And no wonder. It's a market boasting more than 200 large international marketers, including Gessy Lever, which invested more than $70 million here last year. New to the territory are Eastman Kodak Co., Campbell Soup Co., Blockbuster Entertainment Group and Wal-Mart Stores, preparing to enter the market. Volkswagen, General Motors Corp., Ford Motor Co. and Fiat plan to invest a total of $6.5 billion in the market by the year 2000.
As the new real currency cut inflation to only 2.4% a month, consumption began to grow. And the government, which feels the added consumption endangers Brazil's economic stability, is trying to hold consumption down.
"We think demand is too high, so we have to take a few steps to prevent [the new real] from sinking," said Pedro Malan, Brazil's finance minister.
To protect national industry, Brazil recently raised taxes on electronic goods-and hiked taxes on imported cars, to 70% from 20%, causing some car marketers to consider vacating the country.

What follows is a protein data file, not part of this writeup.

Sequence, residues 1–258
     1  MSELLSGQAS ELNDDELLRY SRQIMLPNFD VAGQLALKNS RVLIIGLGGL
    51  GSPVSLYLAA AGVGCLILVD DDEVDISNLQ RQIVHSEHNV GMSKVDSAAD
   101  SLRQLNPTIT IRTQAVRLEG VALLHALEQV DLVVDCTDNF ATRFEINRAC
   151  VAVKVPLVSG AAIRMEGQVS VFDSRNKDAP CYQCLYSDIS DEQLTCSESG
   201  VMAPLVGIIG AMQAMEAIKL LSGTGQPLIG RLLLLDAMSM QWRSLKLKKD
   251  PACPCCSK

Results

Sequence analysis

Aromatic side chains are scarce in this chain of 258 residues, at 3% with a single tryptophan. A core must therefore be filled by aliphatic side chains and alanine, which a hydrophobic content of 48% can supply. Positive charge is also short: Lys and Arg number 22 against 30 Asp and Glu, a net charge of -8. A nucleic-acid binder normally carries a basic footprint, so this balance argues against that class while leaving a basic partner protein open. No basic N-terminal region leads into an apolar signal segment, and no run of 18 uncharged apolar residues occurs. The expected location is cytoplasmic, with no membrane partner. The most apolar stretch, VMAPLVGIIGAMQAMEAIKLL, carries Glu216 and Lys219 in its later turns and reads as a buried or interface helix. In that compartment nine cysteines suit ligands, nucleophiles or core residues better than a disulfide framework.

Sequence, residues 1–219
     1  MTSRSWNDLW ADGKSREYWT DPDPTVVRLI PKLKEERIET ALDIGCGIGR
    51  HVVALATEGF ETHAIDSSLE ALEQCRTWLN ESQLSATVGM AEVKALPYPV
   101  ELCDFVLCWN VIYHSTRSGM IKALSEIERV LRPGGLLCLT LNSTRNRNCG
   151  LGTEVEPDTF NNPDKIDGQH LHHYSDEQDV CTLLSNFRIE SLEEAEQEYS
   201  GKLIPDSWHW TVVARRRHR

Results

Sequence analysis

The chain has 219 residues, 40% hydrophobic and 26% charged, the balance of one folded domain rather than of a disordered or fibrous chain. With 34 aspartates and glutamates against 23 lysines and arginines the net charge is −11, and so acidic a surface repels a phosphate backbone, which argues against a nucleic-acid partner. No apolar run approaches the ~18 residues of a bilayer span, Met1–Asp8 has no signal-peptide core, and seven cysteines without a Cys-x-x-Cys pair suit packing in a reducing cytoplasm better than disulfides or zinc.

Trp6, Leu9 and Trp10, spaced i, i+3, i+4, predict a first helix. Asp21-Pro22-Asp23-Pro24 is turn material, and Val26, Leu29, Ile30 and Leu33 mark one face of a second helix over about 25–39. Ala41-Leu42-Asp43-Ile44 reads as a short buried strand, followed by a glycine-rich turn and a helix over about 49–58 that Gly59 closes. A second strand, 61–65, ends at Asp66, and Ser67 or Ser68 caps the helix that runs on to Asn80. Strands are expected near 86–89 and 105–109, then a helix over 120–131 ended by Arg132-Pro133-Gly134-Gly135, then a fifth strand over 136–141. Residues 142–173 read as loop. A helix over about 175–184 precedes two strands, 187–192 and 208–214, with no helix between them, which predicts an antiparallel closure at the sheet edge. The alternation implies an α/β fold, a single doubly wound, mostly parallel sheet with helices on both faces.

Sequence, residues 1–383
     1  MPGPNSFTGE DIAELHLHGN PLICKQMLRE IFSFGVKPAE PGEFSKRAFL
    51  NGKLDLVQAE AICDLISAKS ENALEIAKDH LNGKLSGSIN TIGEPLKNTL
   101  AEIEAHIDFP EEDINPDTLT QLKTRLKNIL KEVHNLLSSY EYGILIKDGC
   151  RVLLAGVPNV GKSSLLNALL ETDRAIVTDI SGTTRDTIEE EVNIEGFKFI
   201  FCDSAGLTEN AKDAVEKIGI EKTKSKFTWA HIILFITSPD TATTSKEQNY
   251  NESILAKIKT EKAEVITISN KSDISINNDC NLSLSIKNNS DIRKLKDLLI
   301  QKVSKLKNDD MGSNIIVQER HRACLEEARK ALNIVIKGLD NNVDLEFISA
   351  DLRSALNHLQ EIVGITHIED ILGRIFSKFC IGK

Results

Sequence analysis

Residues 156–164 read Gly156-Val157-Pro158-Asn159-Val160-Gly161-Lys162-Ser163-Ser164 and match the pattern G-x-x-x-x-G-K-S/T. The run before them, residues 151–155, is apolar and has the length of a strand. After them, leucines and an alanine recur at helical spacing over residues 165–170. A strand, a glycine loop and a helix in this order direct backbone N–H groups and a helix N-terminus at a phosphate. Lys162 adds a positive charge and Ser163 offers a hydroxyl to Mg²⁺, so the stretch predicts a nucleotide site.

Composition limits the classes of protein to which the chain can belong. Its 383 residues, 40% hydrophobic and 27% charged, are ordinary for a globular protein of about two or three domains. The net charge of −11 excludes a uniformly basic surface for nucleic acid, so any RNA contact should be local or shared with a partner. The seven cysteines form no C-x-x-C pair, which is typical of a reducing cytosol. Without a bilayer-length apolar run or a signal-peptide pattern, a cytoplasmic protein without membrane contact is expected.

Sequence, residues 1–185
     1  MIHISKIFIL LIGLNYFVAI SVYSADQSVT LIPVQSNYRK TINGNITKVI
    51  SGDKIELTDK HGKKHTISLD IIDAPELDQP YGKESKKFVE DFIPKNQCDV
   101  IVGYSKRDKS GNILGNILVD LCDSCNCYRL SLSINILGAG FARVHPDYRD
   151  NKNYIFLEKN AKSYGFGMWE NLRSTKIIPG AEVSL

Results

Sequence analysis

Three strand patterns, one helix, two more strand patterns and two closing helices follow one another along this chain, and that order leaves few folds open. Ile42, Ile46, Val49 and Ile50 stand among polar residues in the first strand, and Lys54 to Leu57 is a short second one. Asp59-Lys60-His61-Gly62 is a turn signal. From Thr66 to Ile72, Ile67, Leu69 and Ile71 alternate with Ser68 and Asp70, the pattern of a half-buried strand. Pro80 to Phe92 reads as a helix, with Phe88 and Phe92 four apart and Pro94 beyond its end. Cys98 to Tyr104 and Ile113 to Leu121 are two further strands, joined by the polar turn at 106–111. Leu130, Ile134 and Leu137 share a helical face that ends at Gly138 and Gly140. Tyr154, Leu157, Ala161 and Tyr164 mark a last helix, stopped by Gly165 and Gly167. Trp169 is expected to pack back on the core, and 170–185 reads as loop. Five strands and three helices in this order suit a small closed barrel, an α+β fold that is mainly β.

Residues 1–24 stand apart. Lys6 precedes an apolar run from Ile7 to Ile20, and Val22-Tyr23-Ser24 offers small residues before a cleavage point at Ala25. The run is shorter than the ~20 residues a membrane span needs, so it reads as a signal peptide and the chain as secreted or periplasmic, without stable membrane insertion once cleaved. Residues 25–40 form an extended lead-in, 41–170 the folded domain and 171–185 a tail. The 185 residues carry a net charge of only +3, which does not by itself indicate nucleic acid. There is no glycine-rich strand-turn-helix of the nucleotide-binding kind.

The taxes have been drastic: Mail-order companies no longer expect Brazilian expansion, and many consumers find it easier and cheaper to travel and buy their goods abroad.
"Now's the time to control inflation," said economist Rudiger Dornbush of the Massachusetts Institute of Technology, Cambridge, Mass. "If the president doesn't do anything, the economy might be seriously in danger."
Said Young & Rubicam New York President Peter Georgescu: "The consumption explosion does not benefit advertising, because marketers run out of products to distribute."